Dr West is Associate Professor in Environmental Biology at the University of Nottingham’s Faculty of Science.

Dr West’s talk began by pointing out that there were some 10 million cows in the UK. Collectively, they produce 146million tons of manure per year. If it were not degraded by the environment, this would be enough to cover Cornwall ( NSB suspects the residents there would presumably have something to say about that, possibly starting with the phrase “Ooo-aarr”).

Anyway.

Dr West continued by explaining that, actually, a good quality cowpat can be quite an enticing environment for insects and the like as it provides nutrition, moisture and a protective environment.

Indeed, it can house a very wide range of flora and fauna, with many of the creatures feeding on each other, as can be seen in the schematic below.


Cowpats - There is a whole other world of activity within them. . .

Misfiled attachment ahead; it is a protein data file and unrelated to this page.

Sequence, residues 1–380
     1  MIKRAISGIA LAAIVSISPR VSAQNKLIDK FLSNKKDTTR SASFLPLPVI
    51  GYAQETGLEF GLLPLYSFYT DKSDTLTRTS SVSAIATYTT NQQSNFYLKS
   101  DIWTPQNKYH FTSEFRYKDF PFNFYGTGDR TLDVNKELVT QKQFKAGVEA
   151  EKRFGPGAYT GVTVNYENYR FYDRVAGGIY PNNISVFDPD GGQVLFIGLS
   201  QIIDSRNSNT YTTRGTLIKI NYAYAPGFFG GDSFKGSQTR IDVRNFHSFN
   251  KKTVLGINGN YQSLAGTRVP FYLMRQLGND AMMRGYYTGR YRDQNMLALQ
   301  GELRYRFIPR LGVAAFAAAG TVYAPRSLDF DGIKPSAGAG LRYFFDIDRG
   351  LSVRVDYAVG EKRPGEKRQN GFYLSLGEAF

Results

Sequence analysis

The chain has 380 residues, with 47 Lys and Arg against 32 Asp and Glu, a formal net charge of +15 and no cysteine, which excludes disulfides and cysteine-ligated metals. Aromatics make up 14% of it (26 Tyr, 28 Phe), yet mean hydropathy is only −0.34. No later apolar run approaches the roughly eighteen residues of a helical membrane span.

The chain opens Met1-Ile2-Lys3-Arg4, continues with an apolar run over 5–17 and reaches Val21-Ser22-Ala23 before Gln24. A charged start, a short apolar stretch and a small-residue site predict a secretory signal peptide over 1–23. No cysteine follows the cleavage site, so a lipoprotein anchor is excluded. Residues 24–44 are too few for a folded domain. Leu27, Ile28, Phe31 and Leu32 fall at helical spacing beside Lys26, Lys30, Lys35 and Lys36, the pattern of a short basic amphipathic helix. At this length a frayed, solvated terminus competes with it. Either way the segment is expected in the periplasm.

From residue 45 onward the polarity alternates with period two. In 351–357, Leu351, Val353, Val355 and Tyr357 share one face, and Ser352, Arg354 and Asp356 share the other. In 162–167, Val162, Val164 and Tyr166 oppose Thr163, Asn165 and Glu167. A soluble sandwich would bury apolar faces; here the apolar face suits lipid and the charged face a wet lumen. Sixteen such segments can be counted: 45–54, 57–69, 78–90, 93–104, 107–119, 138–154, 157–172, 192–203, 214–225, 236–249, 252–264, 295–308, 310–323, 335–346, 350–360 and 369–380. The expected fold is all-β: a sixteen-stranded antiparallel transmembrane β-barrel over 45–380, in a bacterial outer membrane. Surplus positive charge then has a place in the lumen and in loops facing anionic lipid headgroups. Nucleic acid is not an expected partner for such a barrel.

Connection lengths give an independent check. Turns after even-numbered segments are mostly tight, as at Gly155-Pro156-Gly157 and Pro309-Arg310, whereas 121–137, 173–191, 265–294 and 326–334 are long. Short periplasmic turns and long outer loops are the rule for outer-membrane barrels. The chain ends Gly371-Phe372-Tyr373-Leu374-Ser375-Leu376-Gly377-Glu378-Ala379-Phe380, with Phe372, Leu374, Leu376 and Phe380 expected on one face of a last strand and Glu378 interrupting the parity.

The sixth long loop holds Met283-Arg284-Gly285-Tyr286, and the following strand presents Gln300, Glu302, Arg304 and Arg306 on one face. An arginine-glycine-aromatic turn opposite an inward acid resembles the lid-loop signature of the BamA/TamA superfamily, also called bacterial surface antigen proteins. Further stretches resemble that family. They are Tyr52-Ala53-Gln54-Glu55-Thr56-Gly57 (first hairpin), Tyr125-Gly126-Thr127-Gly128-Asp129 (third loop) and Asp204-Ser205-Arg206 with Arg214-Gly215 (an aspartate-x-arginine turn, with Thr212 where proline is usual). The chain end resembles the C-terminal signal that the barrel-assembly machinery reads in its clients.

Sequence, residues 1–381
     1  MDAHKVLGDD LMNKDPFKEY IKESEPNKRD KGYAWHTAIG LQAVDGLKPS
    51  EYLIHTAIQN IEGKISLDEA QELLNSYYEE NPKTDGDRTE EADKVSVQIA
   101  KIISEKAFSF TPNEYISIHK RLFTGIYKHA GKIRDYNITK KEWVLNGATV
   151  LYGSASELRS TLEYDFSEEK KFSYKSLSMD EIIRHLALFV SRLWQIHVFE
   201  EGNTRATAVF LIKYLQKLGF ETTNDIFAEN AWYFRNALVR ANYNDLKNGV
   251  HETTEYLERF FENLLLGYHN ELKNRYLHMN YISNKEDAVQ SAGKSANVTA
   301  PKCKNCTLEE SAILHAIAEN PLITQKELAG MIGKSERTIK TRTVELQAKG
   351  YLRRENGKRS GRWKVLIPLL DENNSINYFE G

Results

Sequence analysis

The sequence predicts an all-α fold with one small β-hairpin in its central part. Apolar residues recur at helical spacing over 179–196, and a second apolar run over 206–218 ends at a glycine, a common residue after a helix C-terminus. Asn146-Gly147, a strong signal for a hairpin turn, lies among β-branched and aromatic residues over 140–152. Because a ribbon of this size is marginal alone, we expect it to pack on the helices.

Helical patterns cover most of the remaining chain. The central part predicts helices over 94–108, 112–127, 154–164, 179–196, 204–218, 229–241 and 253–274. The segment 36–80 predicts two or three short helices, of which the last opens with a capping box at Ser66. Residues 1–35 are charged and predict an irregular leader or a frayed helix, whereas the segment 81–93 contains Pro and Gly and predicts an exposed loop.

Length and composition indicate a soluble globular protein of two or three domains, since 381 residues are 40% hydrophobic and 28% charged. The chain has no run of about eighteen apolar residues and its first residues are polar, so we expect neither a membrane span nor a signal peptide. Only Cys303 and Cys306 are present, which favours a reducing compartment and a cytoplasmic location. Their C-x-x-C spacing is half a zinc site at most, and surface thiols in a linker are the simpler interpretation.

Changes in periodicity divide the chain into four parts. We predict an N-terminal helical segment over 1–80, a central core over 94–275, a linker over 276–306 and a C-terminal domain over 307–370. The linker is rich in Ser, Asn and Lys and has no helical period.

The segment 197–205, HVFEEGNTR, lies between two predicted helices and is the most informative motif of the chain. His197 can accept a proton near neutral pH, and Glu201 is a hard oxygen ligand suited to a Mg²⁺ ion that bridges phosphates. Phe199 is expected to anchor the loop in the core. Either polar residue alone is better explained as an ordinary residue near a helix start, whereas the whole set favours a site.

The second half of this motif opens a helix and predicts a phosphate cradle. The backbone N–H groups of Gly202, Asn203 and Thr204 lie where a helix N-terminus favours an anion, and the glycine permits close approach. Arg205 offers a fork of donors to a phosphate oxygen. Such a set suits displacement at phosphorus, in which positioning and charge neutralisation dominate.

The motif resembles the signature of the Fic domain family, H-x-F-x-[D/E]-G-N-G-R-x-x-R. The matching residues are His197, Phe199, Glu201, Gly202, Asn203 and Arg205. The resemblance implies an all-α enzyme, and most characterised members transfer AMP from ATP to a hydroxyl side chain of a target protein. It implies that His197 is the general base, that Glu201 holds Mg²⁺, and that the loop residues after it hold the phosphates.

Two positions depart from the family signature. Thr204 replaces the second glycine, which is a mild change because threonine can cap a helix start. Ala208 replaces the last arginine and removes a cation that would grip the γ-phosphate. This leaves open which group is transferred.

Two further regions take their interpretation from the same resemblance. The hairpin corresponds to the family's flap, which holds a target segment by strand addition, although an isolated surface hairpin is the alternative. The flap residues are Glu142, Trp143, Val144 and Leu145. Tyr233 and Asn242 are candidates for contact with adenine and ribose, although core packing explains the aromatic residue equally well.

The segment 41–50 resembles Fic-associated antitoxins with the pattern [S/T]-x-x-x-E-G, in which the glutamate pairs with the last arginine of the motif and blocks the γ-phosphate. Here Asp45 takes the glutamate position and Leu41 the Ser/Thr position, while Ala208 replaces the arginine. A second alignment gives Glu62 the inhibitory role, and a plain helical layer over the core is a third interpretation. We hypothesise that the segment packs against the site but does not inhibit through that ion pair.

Incidentally, when Dr West talks about a “good quality cowpat” what she means is one that is not too dry, has some fibrous content and is not a sloppy mess.

Moving on to talk about specific species, Dr West mentioned that those of the audience who partook of walks in the countryside will have seen cowpats with holes in them. These have been created by dung beetles (such as Geotrupes Stercorarius) that have burrowed in and, if one has patience, one can see them scurrying out from one hole and back into another. One way in which dung beetles break up the cowpat is to take balls of dung into underground tunnels and chambers, often as food for their young.


A British Dung Beetle (Geotrupes Stercorarius)